Why low-wage work is bad for business—and all of us.
May 16, 2016
There are two types of businesses in America today: those that pay their workers a living wage—the real economy—and those that don’t—the parasite economy. And all of us who live and work in the real economy should be royally pissed at the way the parasite economy is sucking us dry.
Here in the real economy, we solve the problems, build the things, and pay the wages that make America great. When politicians of both parties promise to attract “good jobs” to their districts or states, they’re talking about the kind of real-economy jobs that pay a decent middle-class wage—jobs that provide the income, benefits, and security necessary to participate robustly in the economy as a consumer and taxpayer. It is the real economy that drives both production and demand, and that fills our tax coffers with the money needed to educate our children, maintain our infrastructure, invest in research and development, fund our social safety net, and provide for the national defense.
But in the parasite economy—where companies large and small cling to low-wage business models out of ignorance or habit or simple greed—“good jobs,” and the economic dynamism they produce, are in short supply. This is the economy in which tens of millions of Americans work for poverty wages with few if any benefits, often in the face of abusive scheduling practices that make it impossible to plan their life from day to day, let alone month to month.
The difference between these two economies is stark. The real economy pays the wages that drive consumer demand, while the parasite economy erodes it. The real economy generates about $5 trillion a year in local, state, and federal tax revenue, while the parasite economy is subsidized by taxes. The real economy provides our children the education and opportunity necessary to grow into the next generation of innovators, entrepreneurs, and civic leaders, while the parasite economy traps them in a cycle of intergenerational poverty.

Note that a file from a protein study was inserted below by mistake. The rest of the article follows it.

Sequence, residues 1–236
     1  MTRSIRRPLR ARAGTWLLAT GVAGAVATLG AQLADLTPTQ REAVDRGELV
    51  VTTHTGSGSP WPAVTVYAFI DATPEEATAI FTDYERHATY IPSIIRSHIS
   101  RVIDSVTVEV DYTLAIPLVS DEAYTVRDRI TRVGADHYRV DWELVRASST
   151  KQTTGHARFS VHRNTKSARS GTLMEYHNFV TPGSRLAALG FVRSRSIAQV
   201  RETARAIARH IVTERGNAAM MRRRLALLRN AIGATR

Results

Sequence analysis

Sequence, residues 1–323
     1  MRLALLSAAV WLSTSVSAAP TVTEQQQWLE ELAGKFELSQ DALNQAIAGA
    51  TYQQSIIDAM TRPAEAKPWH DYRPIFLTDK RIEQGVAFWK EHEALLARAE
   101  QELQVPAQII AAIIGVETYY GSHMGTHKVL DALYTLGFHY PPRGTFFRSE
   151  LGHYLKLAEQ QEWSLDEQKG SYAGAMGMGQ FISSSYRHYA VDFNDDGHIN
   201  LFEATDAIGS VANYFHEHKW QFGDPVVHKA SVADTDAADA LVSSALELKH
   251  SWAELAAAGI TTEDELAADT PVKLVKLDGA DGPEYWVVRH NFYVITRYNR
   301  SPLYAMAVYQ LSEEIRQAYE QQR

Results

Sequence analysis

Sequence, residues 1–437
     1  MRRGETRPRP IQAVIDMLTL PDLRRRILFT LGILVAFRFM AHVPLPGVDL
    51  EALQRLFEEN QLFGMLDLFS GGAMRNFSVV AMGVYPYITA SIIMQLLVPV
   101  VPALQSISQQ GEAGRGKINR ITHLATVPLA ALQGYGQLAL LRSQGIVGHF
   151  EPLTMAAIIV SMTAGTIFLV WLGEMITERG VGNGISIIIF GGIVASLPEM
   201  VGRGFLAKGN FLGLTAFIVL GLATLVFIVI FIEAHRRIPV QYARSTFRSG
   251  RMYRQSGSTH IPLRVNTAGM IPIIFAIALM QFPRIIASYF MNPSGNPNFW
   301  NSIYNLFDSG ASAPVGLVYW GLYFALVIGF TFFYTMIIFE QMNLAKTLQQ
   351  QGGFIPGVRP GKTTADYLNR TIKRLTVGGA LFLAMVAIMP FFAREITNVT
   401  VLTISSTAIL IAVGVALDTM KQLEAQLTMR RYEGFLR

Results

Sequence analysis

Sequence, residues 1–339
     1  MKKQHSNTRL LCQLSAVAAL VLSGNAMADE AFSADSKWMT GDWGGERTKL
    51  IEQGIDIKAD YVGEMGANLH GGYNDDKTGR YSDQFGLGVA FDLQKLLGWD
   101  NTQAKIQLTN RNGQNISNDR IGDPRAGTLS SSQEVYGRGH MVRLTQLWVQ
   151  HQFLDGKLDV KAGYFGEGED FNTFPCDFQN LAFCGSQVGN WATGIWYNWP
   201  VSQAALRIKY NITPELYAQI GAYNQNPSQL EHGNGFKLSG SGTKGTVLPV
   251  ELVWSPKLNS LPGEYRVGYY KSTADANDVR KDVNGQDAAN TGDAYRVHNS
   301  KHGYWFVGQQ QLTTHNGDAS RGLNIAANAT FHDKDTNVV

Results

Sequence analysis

The real economy delivers on the promise of capitalism.
The parasite economy relentlessly undermines it.
If, as many on the right are wont to do, we divide our nation into one of “makers” and “takers,” it’s not the working poor who deserve our derision, but the low-wage businesses that exploit them. These are the real deadbeats of the parasite economy: companies with a business model predicated on a cheap supply of taxpayer-subsidized labor, growing fat on the vast wealth of consumer demand generated by the middle-class wages of the real economy, while leaving employees with little if any discretionary income of their own.
To be clear, I am not making a moral argument for the real economy (though there is surely a moral argument to be made), but rather a cold and calculated economic appeal based on self-interest properly understood. You see, I am an entrepreneur and venture capitalist invested mostly in technology companies that pay the sort of middle-class wages that enable our workers to fully participate in the economy as consumers of other companies’ products. That’s the way a market economy is supposed to work. We buy your products. You buy ours. But low-wage workers at parasite companies—mostly giant and profitable corporations like Walmart and McDonald’s—cannot afford to robustly consume our products, or most anybody else’s, in return. The parasite economy is simply bad for business.